The COVID-19 pandemic has hit world economies hard. In India, the GDP is expected to shrink sharply. Natarajan Chandrasekaran, the chairman of the salt to software conglomerate Tata Group, admits the challenge ahead is daunting, but also feels that the crisis could well become the catalyst towards a more resilient economy and a sustainable future.
“The challenges ahead are daunting, I do not doubt that. The worst crisis contains within it an opportunity for profound change,” Chandrasekaran said while delivering the Lalit Doshi Memorial lecture in Mumbai.
“COVID-19 could be a catalyst towards the adoption of digital technology, which will open health and education to millions. It could be a catalyst towards a more resilient economy and it could be a catalyst towards a more sustainable future. These are the three things we need to do to repair and fortify the fabric of the country and this is a springboard into new India.”
Chandrasekaran believes India can become the global leader in research and development, science and technology, artificial intelligence, advanced manufacturing and the next generation of products and services for mankind.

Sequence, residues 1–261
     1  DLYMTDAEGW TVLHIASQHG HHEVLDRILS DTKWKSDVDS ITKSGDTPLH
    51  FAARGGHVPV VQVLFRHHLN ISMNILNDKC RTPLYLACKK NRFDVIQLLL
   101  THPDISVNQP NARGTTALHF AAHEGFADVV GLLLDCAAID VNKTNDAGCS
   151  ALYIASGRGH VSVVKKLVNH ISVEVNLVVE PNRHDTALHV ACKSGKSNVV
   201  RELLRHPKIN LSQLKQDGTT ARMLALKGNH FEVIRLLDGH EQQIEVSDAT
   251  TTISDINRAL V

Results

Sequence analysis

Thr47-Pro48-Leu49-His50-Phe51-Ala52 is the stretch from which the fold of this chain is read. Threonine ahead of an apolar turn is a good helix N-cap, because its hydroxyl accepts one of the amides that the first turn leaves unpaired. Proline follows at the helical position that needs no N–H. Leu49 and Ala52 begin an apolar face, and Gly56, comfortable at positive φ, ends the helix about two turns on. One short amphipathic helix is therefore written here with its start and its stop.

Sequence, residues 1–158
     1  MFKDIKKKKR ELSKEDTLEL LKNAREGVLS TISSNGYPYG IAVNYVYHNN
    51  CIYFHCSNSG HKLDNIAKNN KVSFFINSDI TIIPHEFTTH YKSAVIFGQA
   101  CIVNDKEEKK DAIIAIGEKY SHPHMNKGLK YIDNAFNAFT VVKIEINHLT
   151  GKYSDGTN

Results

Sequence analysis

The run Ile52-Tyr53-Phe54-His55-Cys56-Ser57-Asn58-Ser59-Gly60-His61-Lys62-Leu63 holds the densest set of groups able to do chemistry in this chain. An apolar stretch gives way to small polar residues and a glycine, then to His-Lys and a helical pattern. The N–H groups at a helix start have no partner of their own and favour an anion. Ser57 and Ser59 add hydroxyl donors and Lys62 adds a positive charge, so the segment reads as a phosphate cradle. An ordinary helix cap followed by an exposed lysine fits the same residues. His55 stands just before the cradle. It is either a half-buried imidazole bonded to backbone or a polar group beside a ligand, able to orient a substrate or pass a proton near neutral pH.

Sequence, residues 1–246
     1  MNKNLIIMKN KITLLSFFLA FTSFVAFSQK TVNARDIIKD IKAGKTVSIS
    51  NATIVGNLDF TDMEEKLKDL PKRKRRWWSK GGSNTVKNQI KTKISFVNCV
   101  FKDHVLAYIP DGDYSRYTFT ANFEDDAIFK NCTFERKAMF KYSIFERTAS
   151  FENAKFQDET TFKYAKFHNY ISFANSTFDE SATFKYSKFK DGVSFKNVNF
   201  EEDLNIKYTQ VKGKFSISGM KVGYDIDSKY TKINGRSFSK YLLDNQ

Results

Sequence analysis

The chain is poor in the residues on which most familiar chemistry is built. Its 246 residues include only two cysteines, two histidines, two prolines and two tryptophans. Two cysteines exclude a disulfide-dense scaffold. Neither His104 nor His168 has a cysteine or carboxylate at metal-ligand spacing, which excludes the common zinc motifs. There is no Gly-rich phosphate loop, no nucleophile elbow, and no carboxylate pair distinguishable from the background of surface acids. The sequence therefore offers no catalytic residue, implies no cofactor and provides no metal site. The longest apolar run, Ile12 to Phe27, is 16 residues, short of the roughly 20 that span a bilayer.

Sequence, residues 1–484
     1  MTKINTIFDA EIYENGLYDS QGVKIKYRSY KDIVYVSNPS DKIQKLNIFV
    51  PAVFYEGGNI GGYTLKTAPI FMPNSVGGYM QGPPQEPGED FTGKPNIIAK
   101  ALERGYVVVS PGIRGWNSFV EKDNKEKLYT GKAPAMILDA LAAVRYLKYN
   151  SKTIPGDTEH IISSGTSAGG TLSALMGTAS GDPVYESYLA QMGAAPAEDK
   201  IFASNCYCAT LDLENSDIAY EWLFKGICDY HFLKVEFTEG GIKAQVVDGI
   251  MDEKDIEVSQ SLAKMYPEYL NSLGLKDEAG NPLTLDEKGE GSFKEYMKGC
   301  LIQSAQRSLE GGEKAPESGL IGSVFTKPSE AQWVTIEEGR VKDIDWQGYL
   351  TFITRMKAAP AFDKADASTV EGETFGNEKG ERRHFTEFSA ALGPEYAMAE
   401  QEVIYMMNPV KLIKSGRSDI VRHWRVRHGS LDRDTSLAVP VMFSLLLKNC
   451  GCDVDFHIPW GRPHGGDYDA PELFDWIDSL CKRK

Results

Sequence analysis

“We have to ensure our economy is resilient too. There are questions of infrastructure, there are big questions of regulation, there are big questions of investment, whether it is flowing into right sectors,” he said.
The COVID-19 crisis should “inspire” us to get “ahead of the curve” and invest in R&D in future growth sectors, and there are very few sectors as promising as renewable energy, he feels.
“Within two decades, nearly 20 new energy sources could be powering the global economy. Today, we have the chance to build companies that will lead the world in renewable energy, a sector that will be worth trillions worth 2030,” said Chandrasekaran.
He feels, COVID-19 could provide as much digital acceleration as many billions of dollars of venture capital invested over the decade and smart application of technology could create millions of new low-skilled jobs and scarce resources can be extended to bring in additional capacity.
“The only way we can solve our problems is by creating digital platforms with access to physical resources, because we don’t have time or the capital to keep creating more and more physical infrastructure,” said Chandrasekaran.
He also felt that if India wants to lead the world, sustainability would have to be at its core.
He is clear that “jugaad” or tweaks and tricks can take us only that far and one would have to work harder to meet India’s needs.
“The past months have been some of the most challenging the country has faced. But, history shows that with the right spirit, progress can follow a setback,” said Chandrasekaran.
He sees various trends emerging post the pandemic.
“Work from home will become common. We are not going to go back to the pre-pandemic period. Business travel will dramatically come down and more collaboration tools will play important role in functioning of companies and society,” he said.
With homes becoming the centre of consumers, how companies bring the experience of what they offer to the consumers at home will be important, he added.